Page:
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Difference quotient

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In calculus, an advanced branch of mathematics, the difference quotient is the formula used for finding the derivative. The derivative is the rate at which a function changes, and the derivative is based on the difference quotient. The difference quotient was formulated by Isaac Newton.

The Difference Quotient Defined

A Simple Definition

Simply put, the difference quotient can be described as the formula for finding the slope of a line that touches a curve (this line is called the tangent line). If we are trying to find the slope of a perfectly straight line, then we use the slope formula which is simple the change in "y" divided by the change in "x". This is very accurate, but only for straight lines. The difference quotient, however, allows you to find the slope of any curve or line at any single point. The difference quotient, as well as the slope formula, is merely the change in "y" divided by the change in "x." The only difference is that in the slope formula, y is used as the y-axis, but in the difference quotient, the change in the y-axis is described by f(x). (For a detailed description, see the following section.)

A Mathematical Definition

Before I give the mathematical formula of the difference quotient, I need to give the formal definition of the slope formula. (Where m is the slope)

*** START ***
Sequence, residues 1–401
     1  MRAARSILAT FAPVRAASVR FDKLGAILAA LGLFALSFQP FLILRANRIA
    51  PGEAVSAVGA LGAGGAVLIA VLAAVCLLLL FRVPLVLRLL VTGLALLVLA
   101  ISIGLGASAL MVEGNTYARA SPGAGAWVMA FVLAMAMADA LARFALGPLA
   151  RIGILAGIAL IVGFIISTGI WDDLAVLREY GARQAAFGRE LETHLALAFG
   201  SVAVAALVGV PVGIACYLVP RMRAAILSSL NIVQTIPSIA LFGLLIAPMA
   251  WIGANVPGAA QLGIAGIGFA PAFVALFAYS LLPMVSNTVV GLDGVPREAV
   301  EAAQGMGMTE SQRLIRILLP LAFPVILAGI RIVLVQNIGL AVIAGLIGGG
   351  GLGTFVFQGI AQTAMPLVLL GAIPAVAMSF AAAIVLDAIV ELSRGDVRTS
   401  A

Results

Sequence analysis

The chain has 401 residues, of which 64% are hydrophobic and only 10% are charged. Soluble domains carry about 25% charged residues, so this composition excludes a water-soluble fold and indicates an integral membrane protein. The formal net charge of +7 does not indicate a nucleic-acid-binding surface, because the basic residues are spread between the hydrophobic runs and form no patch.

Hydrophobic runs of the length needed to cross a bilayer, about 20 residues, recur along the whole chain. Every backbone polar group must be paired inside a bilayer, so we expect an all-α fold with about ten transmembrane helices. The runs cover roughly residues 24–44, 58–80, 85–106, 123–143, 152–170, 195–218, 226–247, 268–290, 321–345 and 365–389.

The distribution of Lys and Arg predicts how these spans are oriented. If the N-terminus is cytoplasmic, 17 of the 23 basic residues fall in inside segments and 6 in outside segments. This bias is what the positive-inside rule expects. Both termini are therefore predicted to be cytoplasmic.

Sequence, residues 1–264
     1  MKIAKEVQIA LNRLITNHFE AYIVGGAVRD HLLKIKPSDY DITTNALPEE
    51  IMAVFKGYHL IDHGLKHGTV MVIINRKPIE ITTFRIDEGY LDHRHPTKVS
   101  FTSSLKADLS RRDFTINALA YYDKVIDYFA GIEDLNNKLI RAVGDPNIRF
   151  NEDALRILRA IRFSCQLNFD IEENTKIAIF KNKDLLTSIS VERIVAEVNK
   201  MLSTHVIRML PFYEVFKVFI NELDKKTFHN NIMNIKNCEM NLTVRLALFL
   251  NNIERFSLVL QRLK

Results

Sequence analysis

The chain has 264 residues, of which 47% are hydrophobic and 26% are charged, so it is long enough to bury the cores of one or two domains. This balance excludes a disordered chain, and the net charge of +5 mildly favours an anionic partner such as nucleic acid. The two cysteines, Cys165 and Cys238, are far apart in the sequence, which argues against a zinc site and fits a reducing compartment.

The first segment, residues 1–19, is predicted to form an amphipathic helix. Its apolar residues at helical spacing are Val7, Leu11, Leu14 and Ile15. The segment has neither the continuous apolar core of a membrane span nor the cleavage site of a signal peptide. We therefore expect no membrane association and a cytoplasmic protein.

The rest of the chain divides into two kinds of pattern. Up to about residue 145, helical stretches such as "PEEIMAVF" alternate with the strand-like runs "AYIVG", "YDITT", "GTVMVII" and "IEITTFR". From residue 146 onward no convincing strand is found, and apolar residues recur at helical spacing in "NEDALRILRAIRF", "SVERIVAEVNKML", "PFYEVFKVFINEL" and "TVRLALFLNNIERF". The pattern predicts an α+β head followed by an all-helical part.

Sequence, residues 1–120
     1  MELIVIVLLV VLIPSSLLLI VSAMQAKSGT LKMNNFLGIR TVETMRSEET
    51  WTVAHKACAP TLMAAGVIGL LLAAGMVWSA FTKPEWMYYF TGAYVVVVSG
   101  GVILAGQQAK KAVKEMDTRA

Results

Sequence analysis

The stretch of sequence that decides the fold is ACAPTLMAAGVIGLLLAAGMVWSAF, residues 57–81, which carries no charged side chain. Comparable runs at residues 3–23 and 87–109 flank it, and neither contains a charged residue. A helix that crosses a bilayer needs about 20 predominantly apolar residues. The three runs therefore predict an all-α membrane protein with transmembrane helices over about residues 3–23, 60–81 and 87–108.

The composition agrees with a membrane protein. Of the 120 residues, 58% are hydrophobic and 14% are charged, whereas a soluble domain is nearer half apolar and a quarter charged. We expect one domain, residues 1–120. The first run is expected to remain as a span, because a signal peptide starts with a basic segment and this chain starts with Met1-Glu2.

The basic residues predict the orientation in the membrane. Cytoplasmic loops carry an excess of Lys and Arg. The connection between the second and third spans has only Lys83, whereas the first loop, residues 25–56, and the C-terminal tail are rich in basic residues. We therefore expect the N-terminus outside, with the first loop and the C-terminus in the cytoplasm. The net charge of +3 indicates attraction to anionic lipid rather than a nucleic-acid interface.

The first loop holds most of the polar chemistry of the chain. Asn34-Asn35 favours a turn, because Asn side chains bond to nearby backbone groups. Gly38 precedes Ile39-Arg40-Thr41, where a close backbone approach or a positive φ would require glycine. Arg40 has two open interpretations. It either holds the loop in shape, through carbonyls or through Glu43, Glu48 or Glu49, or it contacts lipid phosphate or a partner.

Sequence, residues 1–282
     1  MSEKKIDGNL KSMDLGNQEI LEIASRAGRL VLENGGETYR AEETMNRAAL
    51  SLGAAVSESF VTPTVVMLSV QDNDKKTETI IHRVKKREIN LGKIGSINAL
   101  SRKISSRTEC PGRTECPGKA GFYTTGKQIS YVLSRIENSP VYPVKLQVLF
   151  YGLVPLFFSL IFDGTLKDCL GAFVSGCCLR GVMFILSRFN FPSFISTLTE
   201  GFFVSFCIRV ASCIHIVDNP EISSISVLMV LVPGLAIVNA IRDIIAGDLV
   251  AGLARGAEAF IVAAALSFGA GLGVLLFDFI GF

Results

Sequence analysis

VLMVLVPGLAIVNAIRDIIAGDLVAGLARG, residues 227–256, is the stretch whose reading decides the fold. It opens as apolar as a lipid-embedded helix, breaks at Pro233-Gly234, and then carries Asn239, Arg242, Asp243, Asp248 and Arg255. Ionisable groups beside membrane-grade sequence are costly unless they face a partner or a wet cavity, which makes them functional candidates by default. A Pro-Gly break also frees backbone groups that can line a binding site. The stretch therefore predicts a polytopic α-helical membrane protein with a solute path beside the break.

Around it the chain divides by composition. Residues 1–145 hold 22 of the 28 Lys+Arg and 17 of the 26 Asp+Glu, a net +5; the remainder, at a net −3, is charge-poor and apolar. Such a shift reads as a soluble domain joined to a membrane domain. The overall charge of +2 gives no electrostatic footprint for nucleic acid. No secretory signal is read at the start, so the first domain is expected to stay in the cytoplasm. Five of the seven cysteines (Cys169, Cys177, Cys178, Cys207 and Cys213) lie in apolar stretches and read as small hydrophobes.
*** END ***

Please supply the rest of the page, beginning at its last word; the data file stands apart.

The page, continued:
In other words,


Where Δy=y2 - y1, and Δx=x2 - x1. As afore mentioned, this formula is accurate only for perfectly straight lines. For instance, the slope of a curve cannot be found using this formula. This is where the difference quotient comes in.


The difference quotient can be used to find the slope of a curve, as well as the slope of a straight line. After we find the difference quotient of a function, we have a new function, called the derivative. To find the slope of the curve or line we input the value of "x" and we get the slope. The process of finding the derivative via the difference quotient is called differentiation.

Applications of the Difference Quotient (and the Derivative)

The derivative has many real life applications. One application of the derivative is listed below.


In physics, the instantaneous velocity that an object has (in other words, the velocity of something at a particular instant) is defined as the derivative of the velocity function of time. For example, if an objects position on a line is given by v(t)=-16t2+16t+32, then the objects velocity is v(t)=-32t+16. Also, the derivative is used to find instantaneous acceleration, which I will not deal with here (by the way, don't try to use the regular derivative to find instantaneous acceleration. doing that will give you the function for the instantaneous velocity. The way to find instantaneous acceleration is to take the derivative of the instantaneous velocity function. For example, in the above function, the acceleration function is -32 at every point. )